• Ok, follow-up question:  What kind of time committment do you need to be a beekeeper?"
    Keeping bees is much like having a pet at home, only at peak population you have about 50,000 pets in your backyard. The answer to this question is "depends." There are many unsuccessful beekeepers that would tell you that they spend very little time with their bees, while other unsuccessful beekeepers will tell you they are in their hives every day. Somewhere between those two extremes lies the actual answer. On average, the management of a set of hives (the minimum recommended amount of hives to have at one time) should be an hour or two every few weeks. What makes this a less-than-binary answer is that many things happen during the year that will require you to act immediately. When starting out beekeeping, make sure you will be able to have enough time set aside to look after your colonies. Have a backup plan or mentor available to help when you are not able to check your bees. Inspections on hives during the spring/summer should happen on average every 2-3 weeks.
  • Do you ever get stung?
    It happens. Every time I have gotten stung, what immediately follows the expletives is: "I deserved that." Rarely have my honey bees become aggressive without me doing something to irritate them. When I first started keeping bees, I was a bit worried about getting stung. It occured to me that the last time I had gotten stung by a bee was in my childhood; about 20 years ago. So the worry of the sting was based on the memory of pain as a 10 year old kid. The stings are not pleasant, but you realize that it is going to happen. Wearing appropriate gear will lower your chances of the stinger reaching your skin. The trade off of this is you lose some dexterity. While many seasoned beekeepers do not recommend gloves, it is important to remember that above anything else, the new beekeeper needs to feel comfortable. If you are glove-less and nervous, your chances of causing the bees to get upset increases greatly.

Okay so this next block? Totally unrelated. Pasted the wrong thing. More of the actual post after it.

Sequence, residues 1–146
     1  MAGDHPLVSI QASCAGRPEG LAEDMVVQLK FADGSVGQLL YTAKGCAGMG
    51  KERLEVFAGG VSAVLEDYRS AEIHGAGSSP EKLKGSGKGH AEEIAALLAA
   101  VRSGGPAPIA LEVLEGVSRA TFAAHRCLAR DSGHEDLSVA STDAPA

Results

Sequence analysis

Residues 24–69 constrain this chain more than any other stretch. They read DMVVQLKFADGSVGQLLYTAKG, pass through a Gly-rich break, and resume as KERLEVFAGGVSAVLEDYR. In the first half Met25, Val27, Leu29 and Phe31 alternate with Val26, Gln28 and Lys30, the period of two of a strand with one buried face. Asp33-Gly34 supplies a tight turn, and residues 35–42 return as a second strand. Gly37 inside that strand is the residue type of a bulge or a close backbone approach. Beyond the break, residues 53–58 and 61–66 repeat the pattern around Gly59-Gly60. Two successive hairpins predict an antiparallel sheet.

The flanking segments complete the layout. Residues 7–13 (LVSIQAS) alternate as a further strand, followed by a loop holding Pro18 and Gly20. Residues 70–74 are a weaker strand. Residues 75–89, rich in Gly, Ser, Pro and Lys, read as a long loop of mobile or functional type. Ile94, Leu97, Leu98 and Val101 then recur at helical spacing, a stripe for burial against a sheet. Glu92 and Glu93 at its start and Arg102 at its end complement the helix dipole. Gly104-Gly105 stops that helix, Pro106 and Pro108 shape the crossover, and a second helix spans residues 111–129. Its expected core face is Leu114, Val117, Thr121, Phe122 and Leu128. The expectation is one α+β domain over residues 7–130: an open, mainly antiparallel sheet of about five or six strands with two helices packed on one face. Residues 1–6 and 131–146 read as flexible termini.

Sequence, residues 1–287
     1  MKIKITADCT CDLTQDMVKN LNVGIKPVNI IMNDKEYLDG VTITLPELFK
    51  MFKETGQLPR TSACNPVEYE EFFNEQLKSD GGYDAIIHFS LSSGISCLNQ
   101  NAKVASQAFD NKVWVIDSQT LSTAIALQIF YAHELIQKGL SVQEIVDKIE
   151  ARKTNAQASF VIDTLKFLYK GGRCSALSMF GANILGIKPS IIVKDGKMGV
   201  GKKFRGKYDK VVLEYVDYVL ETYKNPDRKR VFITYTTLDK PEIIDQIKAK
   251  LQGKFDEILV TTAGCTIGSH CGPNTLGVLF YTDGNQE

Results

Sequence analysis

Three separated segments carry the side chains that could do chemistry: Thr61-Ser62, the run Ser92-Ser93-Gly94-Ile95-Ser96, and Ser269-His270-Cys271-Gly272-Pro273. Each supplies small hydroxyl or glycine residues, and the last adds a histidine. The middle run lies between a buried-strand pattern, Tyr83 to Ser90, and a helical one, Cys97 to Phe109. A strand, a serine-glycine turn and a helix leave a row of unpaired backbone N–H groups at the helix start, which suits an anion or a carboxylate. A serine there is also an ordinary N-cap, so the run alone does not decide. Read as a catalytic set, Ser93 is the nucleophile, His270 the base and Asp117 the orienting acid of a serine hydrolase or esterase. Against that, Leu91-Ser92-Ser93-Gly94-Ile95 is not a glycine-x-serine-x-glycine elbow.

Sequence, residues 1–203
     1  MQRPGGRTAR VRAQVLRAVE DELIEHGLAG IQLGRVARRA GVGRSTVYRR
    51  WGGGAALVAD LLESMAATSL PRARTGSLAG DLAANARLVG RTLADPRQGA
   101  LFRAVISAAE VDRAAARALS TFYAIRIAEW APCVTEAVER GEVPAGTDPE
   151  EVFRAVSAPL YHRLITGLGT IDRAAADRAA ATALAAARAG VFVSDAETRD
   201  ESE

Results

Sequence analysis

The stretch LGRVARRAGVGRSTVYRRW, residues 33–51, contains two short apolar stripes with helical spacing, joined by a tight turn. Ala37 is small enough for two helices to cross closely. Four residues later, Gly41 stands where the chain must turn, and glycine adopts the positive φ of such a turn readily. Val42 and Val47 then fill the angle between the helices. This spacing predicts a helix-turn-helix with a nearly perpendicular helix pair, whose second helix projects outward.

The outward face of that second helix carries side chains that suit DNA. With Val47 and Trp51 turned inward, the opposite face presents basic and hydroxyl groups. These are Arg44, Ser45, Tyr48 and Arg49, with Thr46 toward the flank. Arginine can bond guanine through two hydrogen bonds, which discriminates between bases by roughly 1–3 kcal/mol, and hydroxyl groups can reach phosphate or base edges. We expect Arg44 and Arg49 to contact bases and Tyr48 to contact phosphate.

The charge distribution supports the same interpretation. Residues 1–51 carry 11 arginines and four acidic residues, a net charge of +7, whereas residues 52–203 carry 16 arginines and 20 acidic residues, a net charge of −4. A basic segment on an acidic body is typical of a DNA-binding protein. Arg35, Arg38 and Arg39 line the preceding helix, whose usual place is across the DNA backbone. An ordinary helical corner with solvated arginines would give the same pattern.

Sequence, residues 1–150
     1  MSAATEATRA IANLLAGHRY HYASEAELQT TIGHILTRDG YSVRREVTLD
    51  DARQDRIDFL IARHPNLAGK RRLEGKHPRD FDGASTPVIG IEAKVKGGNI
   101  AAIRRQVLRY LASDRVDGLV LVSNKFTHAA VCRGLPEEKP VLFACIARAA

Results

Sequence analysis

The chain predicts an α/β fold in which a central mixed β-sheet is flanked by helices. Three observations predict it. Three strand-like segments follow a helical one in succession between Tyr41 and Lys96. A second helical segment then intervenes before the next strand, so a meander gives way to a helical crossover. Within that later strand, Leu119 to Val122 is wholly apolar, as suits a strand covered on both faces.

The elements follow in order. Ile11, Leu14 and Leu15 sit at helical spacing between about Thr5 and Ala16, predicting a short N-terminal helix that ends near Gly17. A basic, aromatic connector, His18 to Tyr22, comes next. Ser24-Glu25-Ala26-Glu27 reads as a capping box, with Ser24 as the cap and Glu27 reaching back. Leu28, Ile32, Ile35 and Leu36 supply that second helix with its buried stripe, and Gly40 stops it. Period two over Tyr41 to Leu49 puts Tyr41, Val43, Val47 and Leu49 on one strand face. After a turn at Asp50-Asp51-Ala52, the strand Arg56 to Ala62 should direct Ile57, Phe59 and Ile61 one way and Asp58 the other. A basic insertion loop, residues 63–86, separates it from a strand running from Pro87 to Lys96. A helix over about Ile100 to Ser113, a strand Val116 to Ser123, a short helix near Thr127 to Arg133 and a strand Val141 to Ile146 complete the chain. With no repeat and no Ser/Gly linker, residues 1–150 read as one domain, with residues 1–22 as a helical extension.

• What can I spray on my flowers and vegetables that won't kill the bees?
    Dihydrogen monoxide is a great chemical to spray on your plants that won't kill the bees. For those of you who are like me and failed chemistry.... that's H2O. There are a lot of studies that are showing a closer link to many common pesticides and insecticides and the lower bee populations. Recently, a news story was published that talked about the common weed killer "RoundUp" and its effects on bees. Monsanto, one of the largest chemical and seed distributors in the world, has been connected with a variety of bad practices that are killing honey bees. The use of neonicotinoids as a coating for seeds has also been shown to transition these chemicals to the colony and lower populations. At the end of the day, no insecticide or pesticide has been found to be "bee safe."
  • How much room do I need to have a beehive?
    Not much. The beehives need to be accessible to both the beekeeper and the bees. This means that the flight path into the entrance (usually facing east) can't be obstructed. There needs to be enough space behind the hive to allow the beekeeper to work the hives. A 4 x 8 space is large enough to maintain 2 hives.
  • What does "Mentoring" Include?"
    The best thing any new beekeeper can have is a mentor. Mentoring includes hands on training and assistnace with hive inspections, medication administrations, and maintenance. Mentors will help you get through the first year or two of beekeping by providing support that you are on the right track. check out our hive adoption page to learn more.
  • Do I get to keep the _________ from the hive?
    you get to keep all the ____ from the hive, as long as you own it. Hosts who are providing land do not own the hives or the bees inside them so there are no products that belong to the landowner. As a courtesy, we offer discounts to landowners who host for any products pulled from the hives on their land. No prodcuts (like honey) are garenteed from year to year, especially during the hive's first year.
  • Do you hive sit?
    We sure do! Contact us for details.
  • Do you provide treatment-free, or organic beekeeping?"
    Organic beekeeping is a lot like organic eating. It sounds nice, but isnt possible for everyone. As for beekeeping, treatment free beekeeping would be the goal for many beekeers, however due to the abundance of bees being mass produced for packages and nucs each year, the genetics for these bees to maintain their own health has been diluted. Without treatment, many colonies will and have died due to preventable diseases. Check out our blog page for more on this topic!